A man stands his ground after being attacked with water jets by firemen in Birmingham, Alabama 1963. Photographed by Charles Moore, this image is part of the Human Rights Human Wrongs exhibition at the Photographers Gallery until the 6th April. Featuring over 250 images taken between 1945 and the 1990's, it takes us on a visual, political journey, from Latin America, Europe through to Asia, with photojournalism and its complex relationship to human rights at its heart.

Curated by Mark Sealy, Human Rights, Human Wrongs features original press prints of twentieth century reportage imagery, drawn from the prestigious Black Star photographic agency, formed in 1937 in New York by two Jewish émigrés fleeing Nazi occupation. The Black Star founders brought with them to New York all the knowledge they had acquired of reproduction methods used widely at that time in Berlin and Munich. Arriving in New York at a time when Life magazine was also emerging as a visual newspaper.

The exhibition is centred around article 6 of the Universal Declaration of Human Rights, that everybody has the right to representation before the law. This was formed at a time when the world was trying to piece itself back together after the devastation of World War Two.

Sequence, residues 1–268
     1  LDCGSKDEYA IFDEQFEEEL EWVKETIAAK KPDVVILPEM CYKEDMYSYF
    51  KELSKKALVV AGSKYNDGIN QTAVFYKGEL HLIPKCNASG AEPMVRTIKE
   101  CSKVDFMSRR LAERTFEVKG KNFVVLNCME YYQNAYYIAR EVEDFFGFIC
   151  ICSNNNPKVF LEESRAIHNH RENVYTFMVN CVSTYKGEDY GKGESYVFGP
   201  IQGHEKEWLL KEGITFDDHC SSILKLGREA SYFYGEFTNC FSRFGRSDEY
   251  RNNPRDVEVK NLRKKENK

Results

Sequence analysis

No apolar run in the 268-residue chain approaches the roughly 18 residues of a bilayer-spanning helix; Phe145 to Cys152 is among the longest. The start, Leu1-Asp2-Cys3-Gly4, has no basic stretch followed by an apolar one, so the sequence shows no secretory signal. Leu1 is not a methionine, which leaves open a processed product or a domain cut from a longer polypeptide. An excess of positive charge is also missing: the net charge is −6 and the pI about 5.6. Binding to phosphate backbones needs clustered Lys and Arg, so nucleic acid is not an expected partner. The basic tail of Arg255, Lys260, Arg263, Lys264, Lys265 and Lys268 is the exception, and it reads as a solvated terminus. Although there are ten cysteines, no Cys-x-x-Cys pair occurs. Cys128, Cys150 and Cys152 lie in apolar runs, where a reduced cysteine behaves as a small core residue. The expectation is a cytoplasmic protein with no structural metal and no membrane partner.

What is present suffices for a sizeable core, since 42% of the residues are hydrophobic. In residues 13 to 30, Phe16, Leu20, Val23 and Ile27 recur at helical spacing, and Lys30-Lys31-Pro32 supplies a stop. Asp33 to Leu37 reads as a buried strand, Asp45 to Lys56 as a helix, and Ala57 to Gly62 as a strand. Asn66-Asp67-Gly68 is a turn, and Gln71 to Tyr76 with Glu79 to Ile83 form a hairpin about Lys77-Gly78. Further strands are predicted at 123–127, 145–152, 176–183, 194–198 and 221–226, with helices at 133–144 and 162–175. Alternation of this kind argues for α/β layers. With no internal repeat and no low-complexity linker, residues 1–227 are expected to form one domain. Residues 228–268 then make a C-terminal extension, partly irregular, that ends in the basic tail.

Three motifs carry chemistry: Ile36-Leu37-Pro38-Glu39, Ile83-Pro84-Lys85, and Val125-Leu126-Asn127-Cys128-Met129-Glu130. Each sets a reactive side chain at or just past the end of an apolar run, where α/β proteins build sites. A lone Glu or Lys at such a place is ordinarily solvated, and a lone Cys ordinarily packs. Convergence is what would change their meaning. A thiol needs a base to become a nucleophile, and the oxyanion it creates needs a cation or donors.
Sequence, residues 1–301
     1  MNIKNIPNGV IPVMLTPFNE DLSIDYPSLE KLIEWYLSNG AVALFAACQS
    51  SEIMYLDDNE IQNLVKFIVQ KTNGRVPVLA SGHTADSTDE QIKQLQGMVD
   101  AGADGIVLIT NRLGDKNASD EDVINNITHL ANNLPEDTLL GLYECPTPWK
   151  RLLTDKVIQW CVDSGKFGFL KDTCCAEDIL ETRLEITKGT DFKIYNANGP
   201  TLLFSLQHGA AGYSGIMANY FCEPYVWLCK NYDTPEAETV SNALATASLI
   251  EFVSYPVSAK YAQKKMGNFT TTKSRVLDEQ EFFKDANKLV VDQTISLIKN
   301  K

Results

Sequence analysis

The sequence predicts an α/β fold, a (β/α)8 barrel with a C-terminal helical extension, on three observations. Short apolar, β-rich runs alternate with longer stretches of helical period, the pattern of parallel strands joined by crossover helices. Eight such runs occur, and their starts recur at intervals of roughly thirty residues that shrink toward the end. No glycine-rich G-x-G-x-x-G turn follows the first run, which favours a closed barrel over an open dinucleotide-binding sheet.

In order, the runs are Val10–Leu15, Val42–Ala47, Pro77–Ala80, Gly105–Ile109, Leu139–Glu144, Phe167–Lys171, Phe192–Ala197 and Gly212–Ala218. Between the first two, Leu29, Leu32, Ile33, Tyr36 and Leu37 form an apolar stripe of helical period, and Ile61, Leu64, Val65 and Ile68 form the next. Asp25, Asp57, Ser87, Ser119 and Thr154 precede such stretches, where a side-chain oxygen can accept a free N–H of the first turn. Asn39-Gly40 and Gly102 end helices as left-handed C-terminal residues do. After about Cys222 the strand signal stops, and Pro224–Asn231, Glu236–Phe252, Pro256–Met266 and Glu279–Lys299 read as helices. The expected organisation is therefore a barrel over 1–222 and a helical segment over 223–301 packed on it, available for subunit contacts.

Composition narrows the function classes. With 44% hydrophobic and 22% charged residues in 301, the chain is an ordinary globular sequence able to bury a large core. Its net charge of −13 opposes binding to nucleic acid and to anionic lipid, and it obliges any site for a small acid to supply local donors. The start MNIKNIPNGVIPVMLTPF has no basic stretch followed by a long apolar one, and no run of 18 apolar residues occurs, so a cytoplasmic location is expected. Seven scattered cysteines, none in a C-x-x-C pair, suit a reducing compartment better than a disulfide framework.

Sealy interrogates what it means to have recognition in the world and questions how documentary photography in some way takes responsibly for our understanding of the world. He reminds us that these images were created with the press in mind while also pointing out that most of the these photojournalists were from North America or Europe which says something very specific about who is rendering the world and why.

All the failures of the political ideals, colonialism, revolutionary struggles, covert actions are on show here, with Sealy pointing us to how those things become visualised. The exhibition finishes on Rwanda with an image by Tom Stoddart, genocide bookending these massive disasters. Everything has been considered here, right down to the regal purple walls with the words from article 6 rendered in gold, suggesting something sacred existing above our heads. Unsettling and interrogating at every turn it's an exhibition that is not easy to look at, but impossible to forget.

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